Consumer Health Digest #01-03

Your Weekly Update of News and Reviews
January 15, 2001


Consumer Health Digest is a free weekly e-mail newsletter edited by Stephen Barrett, M.D., and cosponsored by NCAHF and Quackwatch. It summarizes scientific reports; legislative developments; enforcement actions; news reports; Web site evaluations; recommended and nonrecommended books; and other information relevant to consumer protection and consumer decision-making.


New DRI Report on Vitamins A and K and12 Minerals

On January 9, 2001, the Institute of Medicine issued the fifth in its series of reports on Dietary Reference Intakes that update and expand the Recommended Dietary Allowances (RDAs) in the United States and Recommended Nutrient Intakes in Canada. The new report makes recommendations regarding vitamin A, vitamin K, arsenic, boron, chromium, copper, iodine, iron, manganese, molybdenum, nickel, silicon, vanadium, and zinc. The news release and the full report can be read online.


"Fat Magnet" (Chitosan) Claims Proven False

Chitosan is derived from chitin, a polysaccharide found in the exoskeleton of shellfish such as shrimp, lobster, and or crabs. Many sellers claim that chitosan causes weight loss by binding fats in the stomach and preventing them from being digested and absorbed. Enforma Natural Products has claimed that its "Fat Trapper" chitosan product would bind as much as 120 grams of dietary fat daily and promote weight loss. An FTC consent agreement now prohibits these claims. The FTC's position is supported by a study performed at the University of California -Davis in which 7 healthy young men who ingested 135 grams per day of fat for 12 days used the Enforma product. Tests showed that the amount of fat in their feces did not significantly differ before and after using the product, even though they took more than the recommended amount. [Stern JS and others. Chitosan does not block fat absorption in men fed a high fat diet. Obesity Research Research 8:91s. (Supplement 1: abstract PB94), Oct 2000.]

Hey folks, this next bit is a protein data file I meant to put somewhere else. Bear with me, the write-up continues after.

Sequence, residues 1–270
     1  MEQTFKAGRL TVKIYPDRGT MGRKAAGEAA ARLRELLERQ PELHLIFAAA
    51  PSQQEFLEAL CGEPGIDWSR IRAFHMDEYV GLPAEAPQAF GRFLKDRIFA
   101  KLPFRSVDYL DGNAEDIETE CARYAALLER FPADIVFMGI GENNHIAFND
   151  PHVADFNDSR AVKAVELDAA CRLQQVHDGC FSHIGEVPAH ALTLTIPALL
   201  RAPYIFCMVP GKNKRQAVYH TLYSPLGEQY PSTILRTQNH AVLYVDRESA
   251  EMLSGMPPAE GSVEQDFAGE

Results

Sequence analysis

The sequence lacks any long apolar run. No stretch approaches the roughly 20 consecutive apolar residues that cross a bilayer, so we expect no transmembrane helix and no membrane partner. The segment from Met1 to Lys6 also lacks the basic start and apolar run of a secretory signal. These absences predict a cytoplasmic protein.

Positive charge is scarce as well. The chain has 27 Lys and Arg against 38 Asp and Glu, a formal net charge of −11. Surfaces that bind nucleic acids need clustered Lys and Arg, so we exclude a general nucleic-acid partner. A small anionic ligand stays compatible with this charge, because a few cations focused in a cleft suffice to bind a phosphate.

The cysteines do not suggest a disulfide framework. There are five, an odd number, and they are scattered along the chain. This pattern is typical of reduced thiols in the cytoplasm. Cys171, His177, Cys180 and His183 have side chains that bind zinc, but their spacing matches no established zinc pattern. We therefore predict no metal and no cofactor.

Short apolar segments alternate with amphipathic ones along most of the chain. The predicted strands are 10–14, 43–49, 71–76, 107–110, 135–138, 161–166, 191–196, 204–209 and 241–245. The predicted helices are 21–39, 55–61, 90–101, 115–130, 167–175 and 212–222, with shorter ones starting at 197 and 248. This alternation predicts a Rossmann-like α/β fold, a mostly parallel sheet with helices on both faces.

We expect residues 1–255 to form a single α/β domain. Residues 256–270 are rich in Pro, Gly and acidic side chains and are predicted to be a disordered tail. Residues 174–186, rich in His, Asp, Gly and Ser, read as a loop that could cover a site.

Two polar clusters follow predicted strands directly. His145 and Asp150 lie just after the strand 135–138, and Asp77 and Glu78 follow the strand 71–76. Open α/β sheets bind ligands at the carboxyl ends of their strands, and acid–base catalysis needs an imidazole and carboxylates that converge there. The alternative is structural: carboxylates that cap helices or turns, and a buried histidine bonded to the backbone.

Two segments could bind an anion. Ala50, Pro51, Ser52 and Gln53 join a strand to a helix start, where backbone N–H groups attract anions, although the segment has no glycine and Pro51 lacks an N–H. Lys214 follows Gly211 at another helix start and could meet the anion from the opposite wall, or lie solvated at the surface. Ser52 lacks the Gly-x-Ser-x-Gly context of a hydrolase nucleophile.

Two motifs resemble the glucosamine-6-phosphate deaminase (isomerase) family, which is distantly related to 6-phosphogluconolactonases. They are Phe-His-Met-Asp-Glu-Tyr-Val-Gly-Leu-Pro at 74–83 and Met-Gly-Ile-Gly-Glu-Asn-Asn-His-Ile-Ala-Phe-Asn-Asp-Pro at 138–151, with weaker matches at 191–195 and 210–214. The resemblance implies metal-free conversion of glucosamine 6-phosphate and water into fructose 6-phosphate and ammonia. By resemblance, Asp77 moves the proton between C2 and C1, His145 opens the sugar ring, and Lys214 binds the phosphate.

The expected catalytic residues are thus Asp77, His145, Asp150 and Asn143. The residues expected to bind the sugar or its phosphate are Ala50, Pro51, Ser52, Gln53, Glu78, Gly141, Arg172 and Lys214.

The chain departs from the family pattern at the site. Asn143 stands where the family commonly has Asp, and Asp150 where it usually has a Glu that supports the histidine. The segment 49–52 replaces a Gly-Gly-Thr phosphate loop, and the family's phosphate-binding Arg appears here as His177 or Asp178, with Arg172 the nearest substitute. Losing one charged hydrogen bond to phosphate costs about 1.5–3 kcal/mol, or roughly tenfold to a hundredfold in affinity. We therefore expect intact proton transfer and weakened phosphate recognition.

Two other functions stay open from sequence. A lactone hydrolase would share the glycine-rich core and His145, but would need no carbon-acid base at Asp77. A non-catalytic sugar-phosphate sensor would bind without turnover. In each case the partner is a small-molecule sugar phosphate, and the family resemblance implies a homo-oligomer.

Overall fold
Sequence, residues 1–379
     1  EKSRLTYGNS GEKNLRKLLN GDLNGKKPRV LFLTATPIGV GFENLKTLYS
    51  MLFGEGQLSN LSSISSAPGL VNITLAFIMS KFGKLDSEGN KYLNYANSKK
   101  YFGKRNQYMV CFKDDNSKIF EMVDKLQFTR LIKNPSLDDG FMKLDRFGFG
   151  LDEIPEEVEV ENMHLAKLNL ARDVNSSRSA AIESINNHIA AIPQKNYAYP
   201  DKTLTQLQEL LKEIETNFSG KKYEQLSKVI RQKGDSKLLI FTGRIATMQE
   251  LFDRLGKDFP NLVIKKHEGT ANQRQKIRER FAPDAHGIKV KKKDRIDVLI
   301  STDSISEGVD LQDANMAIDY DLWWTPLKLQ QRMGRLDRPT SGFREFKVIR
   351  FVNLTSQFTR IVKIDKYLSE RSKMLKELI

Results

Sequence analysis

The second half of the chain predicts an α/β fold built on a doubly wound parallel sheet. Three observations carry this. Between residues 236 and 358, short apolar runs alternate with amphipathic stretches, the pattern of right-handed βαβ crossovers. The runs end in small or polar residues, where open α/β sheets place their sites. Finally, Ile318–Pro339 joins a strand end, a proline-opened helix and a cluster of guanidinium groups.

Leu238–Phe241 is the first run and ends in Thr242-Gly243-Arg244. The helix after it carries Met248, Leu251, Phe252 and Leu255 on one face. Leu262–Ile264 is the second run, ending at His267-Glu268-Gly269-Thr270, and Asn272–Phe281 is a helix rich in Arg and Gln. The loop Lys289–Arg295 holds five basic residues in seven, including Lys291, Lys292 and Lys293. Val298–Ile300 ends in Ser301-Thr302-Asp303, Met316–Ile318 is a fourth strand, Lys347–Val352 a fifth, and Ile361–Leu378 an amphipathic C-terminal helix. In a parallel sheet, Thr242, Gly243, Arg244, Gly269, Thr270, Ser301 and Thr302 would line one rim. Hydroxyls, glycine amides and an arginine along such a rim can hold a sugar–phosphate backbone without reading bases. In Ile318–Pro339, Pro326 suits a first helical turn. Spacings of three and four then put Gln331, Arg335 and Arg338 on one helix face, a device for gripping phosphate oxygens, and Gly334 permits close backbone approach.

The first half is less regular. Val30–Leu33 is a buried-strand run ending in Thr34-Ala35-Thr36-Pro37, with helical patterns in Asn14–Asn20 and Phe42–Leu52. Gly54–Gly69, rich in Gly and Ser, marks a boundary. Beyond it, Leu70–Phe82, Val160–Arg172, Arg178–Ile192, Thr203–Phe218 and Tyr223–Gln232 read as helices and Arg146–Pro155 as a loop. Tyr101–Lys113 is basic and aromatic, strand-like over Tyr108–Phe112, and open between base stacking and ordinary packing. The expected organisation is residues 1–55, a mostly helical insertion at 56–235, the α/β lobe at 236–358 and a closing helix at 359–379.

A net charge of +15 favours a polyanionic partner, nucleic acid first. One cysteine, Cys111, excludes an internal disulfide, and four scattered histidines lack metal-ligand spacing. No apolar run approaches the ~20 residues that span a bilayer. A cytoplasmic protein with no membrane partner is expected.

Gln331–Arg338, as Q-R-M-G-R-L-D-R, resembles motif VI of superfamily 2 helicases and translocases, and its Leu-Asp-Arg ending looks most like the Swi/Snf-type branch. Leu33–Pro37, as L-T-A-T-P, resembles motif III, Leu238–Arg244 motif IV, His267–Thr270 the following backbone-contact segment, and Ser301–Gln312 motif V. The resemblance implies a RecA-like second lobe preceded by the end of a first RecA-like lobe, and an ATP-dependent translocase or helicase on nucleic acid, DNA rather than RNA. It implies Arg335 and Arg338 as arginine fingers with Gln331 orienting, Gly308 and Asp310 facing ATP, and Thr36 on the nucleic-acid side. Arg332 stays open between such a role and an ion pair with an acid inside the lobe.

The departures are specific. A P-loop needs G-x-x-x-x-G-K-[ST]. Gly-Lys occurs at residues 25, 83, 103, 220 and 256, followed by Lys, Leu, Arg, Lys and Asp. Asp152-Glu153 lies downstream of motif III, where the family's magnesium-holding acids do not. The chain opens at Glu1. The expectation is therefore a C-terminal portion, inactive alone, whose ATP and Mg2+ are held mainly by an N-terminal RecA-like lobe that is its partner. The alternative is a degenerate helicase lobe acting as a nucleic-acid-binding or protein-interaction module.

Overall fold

Chiropractors Are Earning Less

Data from the U.S. Department of Commerce indicate that the total reported net income for chiropractic offices and clinics rose from $6.56 billion in 1992 to $7.68 billion in 1998, which is about 2.8% per year. Since the number of practicing chiropractors has been increasing, and taking inflation into account, these figures show that real chiropractic income has been decreasing steadily. The major factors are an oversupply of new chiropractors, increased practice expenses, and limits set by managed care plans.


Viatical Fraud

Faced with the financial burden of a terminal illness, some people choose to sell their life-insurance policy for an immediate lump sum. The viatical settlement company (or a third-party investor who purchases the policy) pays any subsequent premiums and collects the face value when death occurs. The Federal Trade Commission has warned that decisions about insurance benefits can have a profound financial and emotional impact on dependents, friends, and caregivers. Some agents fraudulently recruit terminally ill people to apply for multiple policies. They misrepresent the truth and answer "no" to all of the medical questions. Healthy impostors then undergo the medical evaluation. In many cases, the insurance agent who issues the policy is a party to the scheme. The agent or one applicant may even submit the same application to many insurance companies. Viatical settlement companies then purchase the policies and sell them to unsuspecting third-party investors [Betting on death: Insurance settlements intended to help the dying have short-changed them and fleeced many investors. Consumer Reports 66:37-39, 2001]. People considering a viatical settlement should read the FTC's brochure and consult a professional advisor.


Bicycle Helmet Use

Although published studies are not numerous, there is good reason to believe that safety helmet use can reduce the incidence of serious head injuries from cycling accidents by about 75%. Yet many adults and children don't wear one. For information of proper fit, see: Head cases: We checked fit, venting, and adherence to a new safety standard. Consumer Reports 64(6):42-44, 1999.


Simple Medline Searching

The National Library of Medicine's PubMed Clinical Queries" interface can reduce the number of irrelevant citations delivered when searching Medline with a single word or phrase. If a valuable citation is located, clicking "Related Articles" offers another pathway to relevant citations.


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This page was posted on January 16, 2001.